Published: April 3, 2018
Review and Onsite Photos by Laura Beach, Catalog Photos Courtesy Crocker Farm
SPARKS, MD. – Given that Crocker Farm represented all the major specialties and regions in its diverse sale of American stoneware and redware on March 24, one could be forgiven for assuming that the Zipp family, in the antique pottery business for the past three and a half decades, has seen it all. In fact, Crocker Farm’s founders are making new discoveries daily. Some are arrayed on these pages.
Just shy of 500 lots, the auction clocked in at $663,190 in total sales, patriarch Tony Zipp told us by phone after the dust settled. Tony is assisted in the business by his wife, Barbara, and his sons Mark, Luke and Brandt, dedicated researchers who are expanding the knowledge base at this academically inclined auction house while also reaching out to new audiences via innovative social-media initiatives. To date, Crocker Farms has no plans for online-only sales, in part because the live events at the Zipps’ 1841 Gorsuch Barn are such engaging affairs.
“We had a lot of new customers and saw some younger faces,” Tony Zipp told us. One of the auction’s top lots, in fact, was a gorgeous circa 1850 Edgefield, S.C., jar attributed to Collin Rhodes. With mossy brown two-slip coloring, it went to a new customer from the Midwest for $29,500.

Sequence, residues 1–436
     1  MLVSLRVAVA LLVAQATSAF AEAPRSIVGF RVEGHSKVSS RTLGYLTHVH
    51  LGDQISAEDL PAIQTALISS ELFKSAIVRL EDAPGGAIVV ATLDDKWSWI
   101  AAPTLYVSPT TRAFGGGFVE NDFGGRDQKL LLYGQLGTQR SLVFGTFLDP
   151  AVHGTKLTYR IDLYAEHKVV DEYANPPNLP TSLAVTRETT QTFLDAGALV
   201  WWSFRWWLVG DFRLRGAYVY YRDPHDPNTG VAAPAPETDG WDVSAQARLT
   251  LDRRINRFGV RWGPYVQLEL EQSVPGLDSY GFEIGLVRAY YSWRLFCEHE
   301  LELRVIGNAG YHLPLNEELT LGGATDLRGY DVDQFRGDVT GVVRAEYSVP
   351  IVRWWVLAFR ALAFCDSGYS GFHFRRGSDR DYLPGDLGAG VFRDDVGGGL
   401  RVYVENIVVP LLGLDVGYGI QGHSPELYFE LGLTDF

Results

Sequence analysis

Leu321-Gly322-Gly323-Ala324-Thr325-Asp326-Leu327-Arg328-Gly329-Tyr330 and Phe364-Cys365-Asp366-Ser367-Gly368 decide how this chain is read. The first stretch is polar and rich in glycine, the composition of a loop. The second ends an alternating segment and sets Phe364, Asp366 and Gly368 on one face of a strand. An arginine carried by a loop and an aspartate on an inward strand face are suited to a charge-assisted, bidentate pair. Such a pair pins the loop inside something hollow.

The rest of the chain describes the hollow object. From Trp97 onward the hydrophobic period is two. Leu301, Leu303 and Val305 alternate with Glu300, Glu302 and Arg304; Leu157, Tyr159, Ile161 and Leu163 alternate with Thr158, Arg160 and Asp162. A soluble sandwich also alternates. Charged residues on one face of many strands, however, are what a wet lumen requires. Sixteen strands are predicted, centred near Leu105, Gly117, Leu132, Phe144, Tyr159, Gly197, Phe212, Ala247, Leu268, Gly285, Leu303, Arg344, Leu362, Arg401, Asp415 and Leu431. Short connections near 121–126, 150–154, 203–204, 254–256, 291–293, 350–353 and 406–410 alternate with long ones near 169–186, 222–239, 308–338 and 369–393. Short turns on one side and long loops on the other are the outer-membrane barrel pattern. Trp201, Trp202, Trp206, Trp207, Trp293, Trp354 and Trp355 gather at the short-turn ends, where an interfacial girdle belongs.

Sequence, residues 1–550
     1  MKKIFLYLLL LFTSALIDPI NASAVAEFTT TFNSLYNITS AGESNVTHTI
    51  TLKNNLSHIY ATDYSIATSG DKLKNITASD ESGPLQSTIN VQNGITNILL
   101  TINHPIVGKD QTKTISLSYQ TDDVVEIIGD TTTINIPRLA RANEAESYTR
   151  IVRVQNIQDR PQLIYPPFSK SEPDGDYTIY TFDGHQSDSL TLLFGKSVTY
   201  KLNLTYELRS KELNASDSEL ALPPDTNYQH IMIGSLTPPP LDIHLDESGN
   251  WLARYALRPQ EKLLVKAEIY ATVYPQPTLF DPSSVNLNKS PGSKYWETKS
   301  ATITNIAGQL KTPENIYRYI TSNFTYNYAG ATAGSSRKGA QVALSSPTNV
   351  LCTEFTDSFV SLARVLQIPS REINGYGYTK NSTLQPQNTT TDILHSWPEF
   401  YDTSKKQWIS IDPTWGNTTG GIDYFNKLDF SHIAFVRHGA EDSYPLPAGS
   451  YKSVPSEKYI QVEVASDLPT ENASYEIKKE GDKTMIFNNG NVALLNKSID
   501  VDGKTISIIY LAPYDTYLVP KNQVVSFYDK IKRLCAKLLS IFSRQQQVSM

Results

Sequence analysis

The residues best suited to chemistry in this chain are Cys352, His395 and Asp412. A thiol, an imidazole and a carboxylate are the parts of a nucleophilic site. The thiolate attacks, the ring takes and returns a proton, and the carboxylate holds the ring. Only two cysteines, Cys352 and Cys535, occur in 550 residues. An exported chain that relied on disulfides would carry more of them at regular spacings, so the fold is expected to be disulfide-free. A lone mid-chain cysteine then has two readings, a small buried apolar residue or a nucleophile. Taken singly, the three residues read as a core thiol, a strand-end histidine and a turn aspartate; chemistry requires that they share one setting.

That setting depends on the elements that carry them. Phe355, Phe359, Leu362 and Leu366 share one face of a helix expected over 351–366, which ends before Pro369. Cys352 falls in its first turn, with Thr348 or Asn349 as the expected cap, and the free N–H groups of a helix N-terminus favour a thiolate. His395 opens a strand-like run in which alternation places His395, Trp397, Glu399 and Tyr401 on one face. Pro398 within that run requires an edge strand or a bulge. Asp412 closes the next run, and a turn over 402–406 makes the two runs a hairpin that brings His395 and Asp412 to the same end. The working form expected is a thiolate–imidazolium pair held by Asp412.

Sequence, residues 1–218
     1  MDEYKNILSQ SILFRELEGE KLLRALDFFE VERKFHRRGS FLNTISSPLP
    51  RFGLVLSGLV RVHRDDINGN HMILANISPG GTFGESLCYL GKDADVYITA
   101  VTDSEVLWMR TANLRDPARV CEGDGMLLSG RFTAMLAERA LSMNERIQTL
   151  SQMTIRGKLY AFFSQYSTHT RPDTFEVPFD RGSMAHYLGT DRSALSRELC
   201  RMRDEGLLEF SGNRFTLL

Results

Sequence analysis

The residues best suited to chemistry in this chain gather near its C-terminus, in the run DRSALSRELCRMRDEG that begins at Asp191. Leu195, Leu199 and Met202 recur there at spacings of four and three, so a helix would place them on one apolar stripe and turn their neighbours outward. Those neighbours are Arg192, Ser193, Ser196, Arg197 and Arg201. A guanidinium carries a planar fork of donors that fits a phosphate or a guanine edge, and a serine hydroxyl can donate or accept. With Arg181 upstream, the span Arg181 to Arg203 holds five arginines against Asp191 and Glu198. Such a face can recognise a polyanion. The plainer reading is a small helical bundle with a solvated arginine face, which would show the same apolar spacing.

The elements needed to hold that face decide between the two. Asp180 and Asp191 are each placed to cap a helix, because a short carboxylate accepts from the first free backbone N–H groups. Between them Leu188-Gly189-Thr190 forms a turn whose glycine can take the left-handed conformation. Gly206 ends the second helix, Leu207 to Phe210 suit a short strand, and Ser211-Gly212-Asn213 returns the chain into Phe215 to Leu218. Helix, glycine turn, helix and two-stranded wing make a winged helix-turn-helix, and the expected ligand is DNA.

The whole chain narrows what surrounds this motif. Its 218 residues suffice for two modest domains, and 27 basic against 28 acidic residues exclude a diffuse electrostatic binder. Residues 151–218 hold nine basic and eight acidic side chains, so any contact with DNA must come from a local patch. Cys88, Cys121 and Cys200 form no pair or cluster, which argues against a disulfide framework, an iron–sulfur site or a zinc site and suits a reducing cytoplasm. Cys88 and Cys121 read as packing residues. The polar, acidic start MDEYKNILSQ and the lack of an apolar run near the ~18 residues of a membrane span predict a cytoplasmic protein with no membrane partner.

“Southern pottery is very much in vogue nowadays,” affirmed Zipp, whose top lots were mainly from the Carolinas and Virginia. Two of the best were knocked down to Corbett E. Toussaint and her husband, Philip. The Columbia, S.C., collectors took an imposing 7-gallon Edgefield jar decorated with bold swags in brown and cream for $17,400. The vessel, probably by Thomas Chandler for the Phoenix Factory, circa 1840, is well-known to the aficionados, having previously been in a prominent North Carolina collection.
Face jugs, ever popular with collectors, included a circa 1850-70 Edgefield example with kaolin eyes and teeth, 7¼ inches tall. A significant new discovery in the Southern pottery tradition, it realized $18,880. Among other Southern stoneware, a 4-gallon alkaline-glazed pitcher by Timmerman Pottery, Stockton, Lanier County, Ga., realized $16,520. A 1-gallon milk pan with cobalt fox and chicken decoration, probably by John Poole Schermerhorn of Richmond, Va., circa 1820, achieved $7,080.
Corbett Toussaint’s other purchase was a newly discovered Anna Pottery stoneware pitcher, auctioned for $34,220. After a recent episode on the television series American Pickers included mention of the Illinois maker, with a credit to Crocker Farm, the auctioneer’s web traffic spiked. One query resulted in the consignment of the exceedingly rare Anna Pottery pitcher mentioned above. It was apparently modeled after Daniel Patch, a conductor with the Chicago & Alton Railroad. Crocker Farm sold the only other Anna conductor known in 2014.
An Anna-inspired stoneware temperance jug, 7¾ inches tall, with applied snake, lizard and monkey decorations, went for $20,060 in the March 24 sale. It is attributed to Simeon L. Bray of Evansville, Ind., circa 1885.